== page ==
Posts Tagged ‘eggs’

Potting Shed Transformation to Farm Store

October 11, 2011

Several years ago, while I was in Canada with my eldest, Dave and the rest of the kids, built a potting shed for me.

It was probably the hottest week of the summer here in GA but they were so excited about their surprise for me.

I LOVED the new building and was reluctant to put any dirty tools in the shed because I had so much fun decorating it.

As with a lot of outbuildings around a farm, it soon became a storage place for items that had no home but were sure to be used in the future 🙂

There were a lot of “treasures” in this potting shed only you couldn’t find them for all the other junk that was tossed in there.

As Dave put it, this building became overwhelming and depressing.

It’s been on my to-do list for a while, I was just waiting for the right moment to attack this monumental mess.

Lynn SirLouis had been to a couple of the Ladies’ Homestead Gatherings and one night we were chatting…

She was experiencing some major life changes but the door was opening for her to pursue what she really wanted to do – an opportunity to follow some dreams and passions.

She’d been up in the garden one night before our Ladies’ Homestead Gathering meeting and she asked me about the potting shed.

I winced and said yeah – it was in sore need of a make-over and I really wanted to turn it into a Farm Store.

She lit up.  This was her forte, her passion…

Lynn loved to transform spaces.  She asked if she could take on this project.

Oh gee – I really had to think about this one…for a about a second!

Yes, of course!

Lynn came out on a Thursday and started to gut the building,

It truly is amazing how much “stuff” you can cram into a space.  This is after the 3 – 4 large garbage bags full were removed.

And truthfully, I couldn’t get it all in one shot.

We chose a color scheme and she asked me what I liked – a look and feel.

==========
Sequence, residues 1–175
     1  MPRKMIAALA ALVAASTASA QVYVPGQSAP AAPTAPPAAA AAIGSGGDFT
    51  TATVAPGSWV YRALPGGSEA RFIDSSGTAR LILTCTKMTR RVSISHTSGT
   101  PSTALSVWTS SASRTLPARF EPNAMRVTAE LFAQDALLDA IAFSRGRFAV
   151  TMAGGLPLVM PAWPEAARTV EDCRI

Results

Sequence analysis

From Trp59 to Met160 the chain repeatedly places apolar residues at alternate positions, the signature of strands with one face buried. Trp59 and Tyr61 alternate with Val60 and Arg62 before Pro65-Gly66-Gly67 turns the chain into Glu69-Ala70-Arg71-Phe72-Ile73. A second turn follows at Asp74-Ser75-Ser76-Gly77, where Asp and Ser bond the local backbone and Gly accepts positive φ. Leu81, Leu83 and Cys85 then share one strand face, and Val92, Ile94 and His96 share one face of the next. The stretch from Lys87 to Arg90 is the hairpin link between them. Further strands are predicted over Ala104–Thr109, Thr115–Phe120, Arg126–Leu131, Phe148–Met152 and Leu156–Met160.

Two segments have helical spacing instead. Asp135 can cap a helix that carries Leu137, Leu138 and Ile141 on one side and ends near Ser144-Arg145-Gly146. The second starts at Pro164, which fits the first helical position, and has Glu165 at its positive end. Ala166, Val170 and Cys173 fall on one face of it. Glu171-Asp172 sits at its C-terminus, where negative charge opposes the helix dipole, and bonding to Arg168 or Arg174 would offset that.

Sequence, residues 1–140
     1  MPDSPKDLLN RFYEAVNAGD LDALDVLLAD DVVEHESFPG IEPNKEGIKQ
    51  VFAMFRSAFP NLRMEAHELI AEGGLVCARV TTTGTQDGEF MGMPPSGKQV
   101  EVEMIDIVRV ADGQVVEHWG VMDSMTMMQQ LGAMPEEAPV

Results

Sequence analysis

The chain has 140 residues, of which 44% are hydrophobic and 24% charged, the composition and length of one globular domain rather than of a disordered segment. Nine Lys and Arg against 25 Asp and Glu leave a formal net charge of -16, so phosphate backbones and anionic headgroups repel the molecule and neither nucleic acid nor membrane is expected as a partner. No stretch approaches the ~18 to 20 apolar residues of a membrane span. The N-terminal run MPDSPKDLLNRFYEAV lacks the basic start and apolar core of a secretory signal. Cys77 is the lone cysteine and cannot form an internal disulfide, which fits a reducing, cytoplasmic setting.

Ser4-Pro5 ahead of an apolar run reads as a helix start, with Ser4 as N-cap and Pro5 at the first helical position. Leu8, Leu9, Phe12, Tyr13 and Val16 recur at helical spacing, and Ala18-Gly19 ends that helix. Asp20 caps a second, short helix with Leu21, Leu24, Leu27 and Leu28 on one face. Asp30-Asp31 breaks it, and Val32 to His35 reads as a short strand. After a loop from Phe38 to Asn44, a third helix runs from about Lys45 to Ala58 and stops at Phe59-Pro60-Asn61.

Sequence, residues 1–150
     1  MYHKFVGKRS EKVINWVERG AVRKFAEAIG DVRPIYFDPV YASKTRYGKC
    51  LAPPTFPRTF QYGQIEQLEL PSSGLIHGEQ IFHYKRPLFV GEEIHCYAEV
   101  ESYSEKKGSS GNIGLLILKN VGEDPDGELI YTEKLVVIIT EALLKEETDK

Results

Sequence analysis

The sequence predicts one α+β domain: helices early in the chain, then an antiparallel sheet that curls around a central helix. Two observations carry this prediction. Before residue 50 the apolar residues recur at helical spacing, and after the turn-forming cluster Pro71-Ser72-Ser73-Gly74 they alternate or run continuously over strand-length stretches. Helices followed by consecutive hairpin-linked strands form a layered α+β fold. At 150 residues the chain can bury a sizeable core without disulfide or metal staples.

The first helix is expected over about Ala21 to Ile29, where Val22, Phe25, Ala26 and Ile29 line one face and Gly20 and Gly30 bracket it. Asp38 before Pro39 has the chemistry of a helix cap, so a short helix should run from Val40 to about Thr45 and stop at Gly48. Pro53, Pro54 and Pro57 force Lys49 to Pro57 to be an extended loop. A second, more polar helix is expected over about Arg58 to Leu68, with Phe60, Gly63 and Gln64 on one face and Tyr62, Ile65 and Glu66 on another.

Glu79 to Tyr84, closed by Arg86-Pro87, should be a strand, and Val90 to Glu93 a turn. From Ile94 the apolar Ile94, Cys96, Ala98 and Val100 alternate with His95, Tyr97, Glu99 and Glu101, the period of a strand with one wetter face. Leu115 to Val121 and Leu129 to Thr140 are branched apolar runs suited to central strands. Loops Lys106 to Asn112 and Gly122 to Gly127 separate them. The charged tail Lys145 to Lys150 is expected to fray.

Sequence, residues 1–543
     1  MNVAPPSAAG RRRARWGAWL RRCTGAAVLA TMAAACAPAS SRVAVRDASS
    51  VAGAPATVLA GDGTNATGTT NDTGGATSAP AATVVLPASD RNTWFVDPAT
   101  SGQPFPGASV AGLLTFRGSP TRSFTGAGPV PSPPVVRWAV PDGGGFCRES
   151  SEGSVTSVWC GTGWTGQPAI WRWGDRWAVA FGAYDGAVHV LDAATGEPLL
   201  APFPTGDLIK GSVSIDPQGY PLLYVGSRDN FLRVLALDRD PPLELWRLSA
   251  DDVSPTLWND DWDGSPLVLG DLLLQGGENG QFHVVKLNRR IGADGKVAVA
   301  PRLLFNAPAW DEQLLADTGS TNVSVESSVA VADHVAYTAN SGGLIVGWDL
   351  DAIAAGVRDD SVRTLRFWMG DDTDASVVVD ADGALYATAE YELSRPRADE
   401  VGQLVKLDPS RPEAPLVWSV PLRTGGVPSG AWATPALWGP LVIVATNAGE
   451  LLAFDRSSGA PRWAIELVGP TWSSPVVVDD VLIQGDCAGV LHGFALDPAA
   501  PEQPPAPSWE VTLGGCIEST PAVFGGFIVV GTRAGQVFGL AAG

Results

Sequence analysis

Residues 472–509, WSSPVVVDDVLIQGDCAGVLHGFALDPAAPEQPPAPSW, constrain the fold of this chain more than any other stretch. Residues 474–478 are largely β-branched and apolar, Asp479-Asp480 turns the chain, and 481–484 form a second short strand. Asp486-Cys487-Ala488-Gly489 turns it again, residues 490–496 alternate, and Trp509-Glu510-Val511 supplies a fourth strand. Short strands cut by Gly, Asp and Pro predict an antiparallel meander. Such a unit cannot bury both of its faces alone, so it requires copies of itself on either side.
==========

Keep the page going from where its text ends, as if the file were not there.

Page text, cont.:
Then Lynn went to work…

This is an antique window that Dave purchased from another friend of mine, Christine, who owns Along the Line Antiques in downtown Statham.

It’s beautiful and the view looks out over a ten acre pasture next door.

Lynn painted the edge black and it “popped”!

We chose a sage green hue for paint.  I wanted all the natural wood left as is – I love old wood.  The rest of the back wall was painted.

Lynn also bought a complimentary green stain for the floor.  It looks fabulous!!

The front doors were painted this burnt orange/red color.

Lynn transformed the old white cupboard that was stuffed in the back of the shed.

The honey displays so beautifully in the case.

Lynn took and old drawer from a small cabinet that I was going to throw away and painted the drawer with chalkboard paint so I could write the price for the shirts on the front.  Great idea and I love the look.

I was given this antique scale and we took the egg basket from the kitchen to display eggs out in the farm store.

The kids and I put in the farm bell.  It belonged to my family and we had it at our home in NH.


Lynn’s not finished yet but I couldn’t wait to show you what she’s done so far.

The best part about all this??

Her passion and mission is using items that I already own and if something is needed – off to Goodwill she goes!

The name of her new business??

The Tightwad Decorator 🙂

I love it and I really love the new look for our Lazy B Farm Store!


The Incredible, Edible Egg!

February 13, 2011

Courtesy of John Ingraham

Eggs themselves are remarkably resistant to germs like salmonella. The shell and proteins in the egg white normally do a good job of fending off pathogens. But eggs laid by a bird infected with salmonella will likely be infected, too.